12. Memorandum From the Deputy Assistant Secretary of State for Far Eastern Affairs (Jones) to the Deputy Under Secretary of State for Political Affairs (Murphy)0

SUBJECT

  • Tripartite Talks Regarding Indonesia

You will recall that when you were in Paris at the NATO talks in December, you agreed with Mr. Lloyd to the establishment of a small U.S.-U.K. working party on Indonesia which was to discuss U.S.-U.K. cooperation [less than 1 line of source text not declassified] “to consider longer term policy matters” in Indonesia.1

At the organizational meeting, which took place in late December, the British insisted that the Australians be included. So far five meetings have been held, at the last four of which there has been representation from the Pentagon (Mr. Sprague’s office).2

[2 lines of source text not declassified] The meetings revealed that the British objective was to obtain a firm statement regarding United States policy toward Indonesia which they apparently feared was directed at establishing a fragmented Indonesia.

In the course of the first meeting we explained that we envisaged a two-pronged operation in Indonesia: the first designed to attempt to bring about a new government on Java by encouraging the non- and anti-Communist elements there to cooperate with each other in the face of the threat from the PKI; at the same time both to reinforce non- and anti-Communist elements on Java and to assure a fall-back position should Java be lost, [8 lines of source text not declassified].

The rest of the meetings have been devoted to an examination of the considerations involved in supplying the Indonesian Government with rice and arms; what, if anything, could or should be done about West New Guinea; by whom and under what circumstances should the gap left by the Dutch be filled, particularly with regard to shipping; and finally, what would be the best manner in which to proceed to delay delivery of the four warships the Indonesian Navy now has on order in Italy. The consensus of the group, which reflected the views of London and Canberra, was that the risks involved in trying to prevent the imminent delivery of two frigates was not worth the advantages to be gained, [Page 26]as the frigates will not provide the decisive military advantage to the Central Government. The question of whether to attempt to delay the delivery of the two corvettes (now scheduled for May) is under urgent study.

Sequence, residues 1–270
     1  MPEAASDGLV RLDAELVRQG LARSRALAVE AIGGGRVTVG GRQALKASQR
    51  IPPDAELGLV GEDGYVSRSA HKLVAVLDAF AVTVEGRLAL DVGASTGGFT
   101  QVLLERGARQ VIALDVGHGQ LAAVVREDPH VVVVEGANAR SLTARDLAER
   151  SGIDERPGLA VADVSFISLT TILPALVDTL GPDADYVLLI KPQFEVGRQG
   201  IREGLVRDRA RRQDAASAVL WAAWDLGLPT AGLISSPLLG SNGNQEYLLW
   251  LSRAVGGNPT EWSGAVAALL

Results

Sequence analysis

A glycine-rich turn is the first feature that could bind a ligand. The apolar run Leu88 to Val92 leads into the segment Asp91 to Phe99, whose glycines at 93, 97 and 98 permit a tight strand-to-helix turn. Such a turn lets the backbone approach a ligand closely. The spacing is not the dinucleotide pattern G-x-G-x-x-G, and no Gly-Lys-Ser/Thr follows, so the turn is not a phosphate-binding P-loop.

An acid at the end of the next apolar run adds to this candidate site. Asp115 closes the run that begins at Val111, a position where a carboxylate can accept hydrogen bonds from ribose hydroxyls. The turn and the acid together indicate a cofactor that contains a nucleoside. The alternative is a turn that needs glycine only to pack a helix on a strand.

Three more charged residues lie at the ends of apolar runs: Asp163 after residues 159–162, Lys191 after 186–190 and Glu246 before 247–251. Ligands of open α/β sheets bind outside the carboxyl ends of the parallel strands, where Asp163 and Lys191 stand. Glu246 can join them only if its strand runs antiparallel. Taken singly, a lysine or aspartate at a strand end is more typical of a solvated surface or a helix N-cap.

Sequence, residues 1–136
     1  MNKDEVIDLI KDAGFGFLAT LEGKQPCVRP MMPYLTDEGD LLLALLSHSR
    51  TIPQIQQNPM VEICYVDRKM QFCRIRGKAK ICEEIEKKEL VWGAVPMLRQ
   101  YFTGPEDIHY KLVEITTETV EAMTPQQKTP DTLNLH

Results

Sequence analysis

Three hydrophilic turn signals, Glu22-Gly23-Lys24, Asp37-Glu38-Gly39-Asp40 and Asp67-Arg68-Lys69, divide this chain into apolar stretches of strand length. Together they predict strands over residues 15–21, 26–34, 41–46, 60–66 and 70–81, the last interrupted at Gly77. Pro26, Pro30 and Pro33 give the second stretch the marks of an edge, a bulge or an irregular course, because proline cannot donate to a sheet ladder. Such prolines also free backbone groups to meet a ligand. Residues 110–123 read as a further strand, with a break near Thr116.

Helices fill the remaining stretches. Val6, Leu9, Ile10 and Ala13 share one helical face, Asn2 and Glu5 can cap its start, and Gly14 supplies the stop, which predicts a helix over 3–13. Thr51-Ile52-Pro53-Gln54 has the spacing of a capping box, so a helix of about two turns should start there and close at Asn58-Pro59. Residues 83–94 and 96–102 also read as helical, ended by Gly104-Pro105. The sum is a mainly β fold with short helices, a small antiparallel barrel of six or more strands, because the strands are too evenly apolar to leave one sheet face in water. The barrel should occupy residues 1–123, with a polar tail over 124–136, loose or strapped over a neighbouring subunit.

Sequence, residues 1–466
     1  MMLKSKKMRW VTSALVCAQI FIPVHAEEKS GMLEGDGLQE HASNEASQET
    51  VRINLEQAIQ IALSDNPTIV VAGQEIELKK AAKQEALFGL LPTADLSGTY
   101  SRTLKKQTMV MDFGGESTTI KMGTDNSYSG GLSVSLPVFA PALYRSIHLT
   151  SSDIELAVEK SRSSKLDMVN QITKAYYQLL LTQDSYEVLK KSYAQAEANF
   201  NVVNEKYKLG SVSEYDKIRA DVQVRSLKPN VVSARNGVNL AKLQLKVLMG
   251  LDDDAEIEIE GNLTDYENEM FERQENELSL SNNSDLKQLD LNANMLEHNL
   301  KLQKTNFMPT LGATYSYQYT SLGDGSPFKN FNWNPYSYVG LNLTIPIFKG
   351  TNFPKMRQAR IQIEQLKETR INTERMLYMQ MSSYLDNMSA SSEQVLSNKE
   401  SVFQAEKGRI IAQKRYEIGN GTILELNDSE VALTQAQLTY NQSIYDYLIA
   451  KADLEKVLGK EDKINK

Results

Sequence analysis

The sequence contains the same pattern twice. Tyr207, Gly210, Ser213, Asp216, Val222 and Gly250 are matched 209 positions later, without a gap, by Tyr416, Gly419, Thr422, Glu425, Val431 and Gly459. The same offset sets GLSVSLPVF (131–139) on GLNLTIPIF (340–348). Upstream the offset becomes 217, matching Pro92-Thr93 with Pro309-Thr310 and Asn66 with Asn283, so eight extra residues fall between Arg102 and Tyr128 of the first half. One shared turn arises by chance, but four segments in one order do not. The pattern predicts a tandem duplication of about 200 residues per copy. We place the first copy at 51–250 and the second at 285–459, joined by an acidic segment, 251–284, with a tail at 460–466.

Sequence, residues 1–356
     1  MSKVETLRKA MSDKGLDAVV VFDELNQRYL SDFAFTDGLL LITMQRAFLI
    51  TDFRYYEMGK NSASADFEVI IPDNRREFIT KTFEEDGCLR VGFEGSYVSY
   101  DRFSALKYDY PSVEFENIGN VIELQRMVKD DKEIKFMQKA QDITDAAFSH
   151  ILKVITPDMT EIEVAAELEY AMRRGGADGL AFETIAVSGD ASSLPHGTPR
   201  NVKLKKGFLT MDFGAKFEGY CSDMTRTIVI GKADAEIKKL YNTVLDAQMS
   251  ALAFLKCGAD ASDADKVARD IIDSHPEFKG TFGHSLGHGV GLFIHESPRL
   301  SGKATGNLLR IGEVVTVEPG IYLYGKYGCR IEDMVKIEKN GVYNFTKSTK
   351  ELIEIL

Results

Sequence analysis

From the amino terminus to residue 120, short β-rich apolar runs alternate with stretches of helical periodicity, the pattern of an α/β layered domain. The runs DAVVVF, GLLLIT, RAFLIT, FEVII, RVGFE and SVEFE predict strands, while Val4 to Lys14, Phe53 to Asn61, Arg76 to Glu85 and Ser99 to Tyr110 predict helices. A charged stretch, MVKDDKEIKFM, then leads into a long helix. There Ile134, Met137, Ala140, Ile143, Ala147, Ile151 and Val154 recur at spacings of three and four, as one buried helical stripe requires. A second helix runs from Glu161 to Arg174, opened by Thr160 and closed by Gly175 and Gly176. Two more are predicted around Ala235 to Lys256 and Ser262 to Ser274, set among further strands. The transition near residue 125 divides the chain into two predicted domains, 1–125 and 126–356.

In addition, agreement has been reached regarding a joint estimate of developments in Indonesia since August 1957. A copy of this is attached. (Tab A)3 A subcommittee is also working on a joint contingency paper which will contain recommended courses of action regarding the diplomatic and legal attitude to be assumed toward the dissidents.

The Australians have had little to contribute and on instructions from their Government have spent most of their time raising questions and seeking information. [2-1/2 lines of source text not declassified]

Further meetings will be held, but I think it best to keep these on an ad hoc basis to face specific problems as they may arise, a position which at this point would appear to satisfy the British but may not be too palatable to the Australians. Should we try to terminate the working group, However, it is not impossible that the Australian reaction will be to send Mr. Casey to this country or even to call a special ANZUS meeting. Neither of these developments at this juncture would seem to me to be helpful.

  1. Source: Department of State, Central Files, 756D.00/2–658. Top Secret. Drafted by O’Sullivan on February 5.
  2. Dulles was in Paris for the NATO Heads of Government meeting, held December 16–19, 1957; see Foreign Relations, 1955–1957, vol. XXII, pp. 552553.
  3. No other record of these meetings has been found in Department of State files.
  4. Not attached to the source text and not found.